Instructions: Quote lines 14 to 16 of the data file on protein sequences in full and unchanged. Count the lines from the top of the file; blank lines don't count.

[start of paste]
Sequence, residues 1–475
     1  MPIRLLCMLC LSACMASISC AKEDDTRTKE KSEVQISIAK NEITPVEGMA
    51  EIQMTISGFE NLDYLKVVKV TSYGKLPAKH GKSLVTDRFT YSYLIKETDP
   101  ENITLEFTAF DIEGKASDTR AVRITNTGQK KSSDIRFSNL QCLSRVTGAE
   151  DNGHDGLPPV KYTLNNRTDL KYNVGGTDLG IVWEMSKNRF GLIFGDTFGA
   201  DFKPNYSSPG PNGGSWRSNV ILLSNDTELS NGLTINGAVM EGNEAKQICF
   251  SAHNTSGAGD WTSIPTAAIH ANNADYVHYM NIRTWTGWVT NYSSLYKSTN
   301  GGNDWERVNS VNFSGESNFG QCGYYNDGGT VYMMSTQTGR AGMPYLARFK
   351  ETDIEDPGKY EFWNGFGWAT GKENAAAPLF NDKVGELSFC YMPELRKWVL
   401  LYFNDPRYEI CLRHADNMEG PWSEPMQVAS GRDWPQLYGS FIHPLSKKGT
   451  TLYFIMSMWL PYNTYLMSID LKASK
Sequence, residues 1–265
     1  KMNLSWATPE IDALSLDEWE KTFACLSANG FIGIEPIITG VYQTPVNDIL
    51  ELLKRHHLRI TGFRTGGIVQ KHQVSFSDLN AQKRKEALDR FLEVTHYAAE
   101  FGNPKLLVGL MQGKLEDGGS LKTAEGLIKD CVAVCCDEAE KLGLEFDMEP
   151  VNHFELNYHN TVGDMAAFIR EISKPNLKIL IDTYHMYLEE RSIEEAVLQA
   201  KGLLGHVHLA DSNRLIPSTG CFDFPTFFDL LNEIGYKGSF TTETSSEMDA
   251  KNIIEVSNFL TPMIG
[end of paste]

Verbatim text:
    51  ELLKRHHLRI TGFRTGGIVQ KHQVSFSDLN AQKRKEALDR FLEVTHYAAE
   101  FGNPKLLVGL MQGKLEDGGS LKTAEGLIKD CVAVCCDEAE KLGLEFDMEP
   151  VNHFELNYHN TVGDMAAFIR EISKPNLKIL IDTYHMYLEE RSIEEAVLQA